Over the next three years I began to work out other issues: The Eucharist, Confession, the Papacy, and Women in the Priesthood. After the last issue fell, all my initial trepidation and fear on this new step was replaced with an unspeakable joy.

Let me repeat: I had no desire to join the Catholic faith. I had attended Interdenominational churches, Evangelical churches, Pentecostal churches, and Episcopal churches. I can give you a hundred reasons why I would have felt at ease at any one of those wonderful places. But the bottom line is, I believe the Catholic church is totally true. To quote Thomas Howard, you don’t pat the Hound of Heaven.

Even as I hold these convictions, I believe that all Christians are my brothers and sisters in Christ, by virtue of His grace.  And I anticipate that day when all our divisions–petty or not–would all be mended.
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2. I don’t agree with what you do.

There are three potential reasons as to why:

(a) You believe that mixing Catholicism and humor to be sacrilegious
(b) You believe that mixing Catholicism and rock music to be sacrilegious
(c) You are not a Catholic.

I will tackle all three:

(a) I find humor to be a refreshing and effective way to bring out certain truths. Some of my favorite preachers, like Dr. Scott Hahn, Patrick Madrid, or Dr. Ray Guarendi, use humor to their advantage. It piques our interest, gives us an ability to laugh at ourselves, and preaches to us in ways which humorless preaching doesn’t. Granted, we have many examples of humor that derides the Catholic faith. Even so, you can search my lyrics only to find that such a critical tone is just not there.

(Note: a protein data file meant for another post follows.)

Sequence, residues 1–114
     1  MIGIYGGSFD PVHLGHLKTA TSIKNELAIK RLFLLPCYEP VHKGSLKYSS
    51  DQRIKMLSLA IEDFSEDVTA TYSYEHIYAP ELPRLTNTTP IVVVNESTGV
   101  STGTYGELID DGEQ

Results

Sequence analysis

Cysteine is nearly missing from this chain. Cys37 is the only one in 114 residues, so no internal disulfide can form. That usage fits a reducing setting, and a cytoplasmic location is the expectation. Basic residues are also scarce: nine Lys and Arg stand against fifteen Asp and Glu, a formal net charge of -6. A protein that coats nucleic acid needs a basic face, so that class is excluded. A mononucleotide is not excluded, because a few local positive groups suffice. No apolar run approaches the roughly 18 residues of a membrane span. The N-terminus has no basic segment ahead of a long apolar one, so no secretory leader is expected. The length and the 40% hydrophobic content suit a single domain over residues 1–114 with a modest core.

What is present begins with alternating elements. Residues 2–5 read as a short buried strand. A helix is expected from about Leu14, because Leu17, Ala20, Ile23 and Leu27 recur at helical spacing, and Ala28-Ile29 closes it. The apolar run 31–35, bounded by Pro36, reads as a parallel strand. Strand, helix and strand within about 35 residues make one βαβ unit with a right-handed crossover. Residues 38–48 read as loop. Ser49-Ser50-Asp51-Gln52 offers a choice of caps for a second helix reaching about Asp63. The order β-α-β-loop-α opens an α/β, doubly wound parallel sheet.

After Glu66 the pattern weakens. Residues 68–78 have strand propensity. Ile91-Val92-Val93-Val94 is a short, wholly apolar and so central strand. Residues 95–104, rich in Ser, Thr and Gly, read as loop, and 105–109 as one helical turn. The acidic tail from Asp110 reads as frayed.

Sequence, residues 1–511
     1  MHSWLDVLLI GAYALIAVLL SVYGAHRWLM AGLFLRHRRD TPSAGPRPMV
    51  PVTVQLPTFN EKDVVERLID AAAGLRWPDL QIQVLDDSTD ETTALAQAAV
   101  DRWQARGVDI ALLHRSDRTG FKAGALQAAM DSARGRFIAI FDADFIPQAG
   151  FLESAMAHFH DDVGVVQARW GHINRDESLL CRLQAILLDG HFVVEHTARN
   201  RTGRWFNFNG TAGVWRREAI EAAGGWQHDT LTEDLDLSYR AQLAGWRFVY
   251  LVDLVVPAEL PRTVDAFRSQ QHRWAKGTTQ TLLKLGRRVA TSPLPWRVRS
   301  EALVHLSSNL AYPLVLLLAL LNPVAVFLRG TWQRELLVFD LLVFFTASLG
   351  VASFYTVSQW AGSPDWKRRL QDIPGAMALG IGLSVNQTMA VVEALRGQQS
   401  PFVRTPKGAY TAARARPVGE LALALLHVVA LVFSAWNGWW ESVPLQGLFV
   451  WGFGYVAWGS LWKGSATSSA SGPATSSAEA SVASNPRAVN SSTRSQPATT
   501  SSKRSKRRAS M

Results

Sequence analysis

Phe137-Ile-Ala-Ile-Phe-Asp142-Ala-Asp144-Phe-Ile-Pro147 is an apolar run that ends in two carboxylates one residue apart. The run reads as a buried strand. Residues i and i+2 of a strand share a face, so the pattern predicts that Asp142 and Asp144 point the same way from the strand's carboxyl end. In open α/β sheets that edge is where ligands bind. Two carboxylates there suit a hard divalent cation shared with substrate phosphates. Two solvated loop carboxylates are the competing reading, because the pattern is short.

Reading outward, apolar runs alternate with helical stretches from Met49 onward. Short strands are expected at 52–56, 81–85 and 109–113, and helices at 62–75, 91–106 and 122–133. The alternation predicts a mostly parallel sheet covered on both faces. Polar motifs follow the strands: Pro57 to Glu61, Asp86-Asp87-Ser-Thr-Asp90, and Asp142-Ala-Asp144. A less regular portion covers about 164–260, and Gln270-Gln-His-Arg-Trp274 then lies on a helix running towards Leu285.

Even so, if you are truly offended, please accept my deepest apologies.
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(b) This can be divided by those who believe that Catholic music means congregational worship (hymns and chant), and those who believe that rock music is an abomination. For the first issue, my music (save for my serious songs) are not intended for congregational worship. Rest assured, you will not see “Old Time Gregorian Chant” in your hymnal. But tell me, is there anything so wrong with taking what is so precious and trying to convey it in such a way that others can understand it?

We have many wondrous treasures that are locked within Cathedral walls. Are we truly making the effort to share our treasures outside of designated culture-zones?

One thing I enjoy about today’s popular music is that it’s infectious. You can’t get it out of your head. Now, if you combine the repetitiveness of a strong melody with a strong message, you will create a powerful force.

If you believe that rock music in itself is in itself bad, you will want to read a good forum that examines both sides of the popular music debate.
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(c) If you are a Protestant and take offense at my Catholic boldness, please note that I do not intend to make anti-Protestant albums, just a pro-Catholic one.

I am a convert. I understand what it means to have been Protestant at one point, and I am indebted to my upbringing for taking me to where I am today. I believe that Catholics can learn from Protestants, and vice-versa. Believe me, I long for the day where our divisions will cease and we will once again be One Body in Christ. It may take five hundred years. I can wait.

Lastly, if you have any question on any aspect of Catholic teaching, please feel free to check out some of those nifty links which deal with Biblical reasons for Catholic teaching. Or you can e-mail me… I’ll do my best.

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3. Do you have a life?? (I mean, do you do anything else?)

I am a worship leader, a speaker, an apologist, a songwriter, and a church musician. I have spoken and performed at prayer groups, youth rallies, apologetics conferences, and worship seminars.  I am also a family man, a father of two precocious twins.
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If you have any further questions, please contact me.

Nick Alexander
  • Nick Alexander wants your next event to be awesome!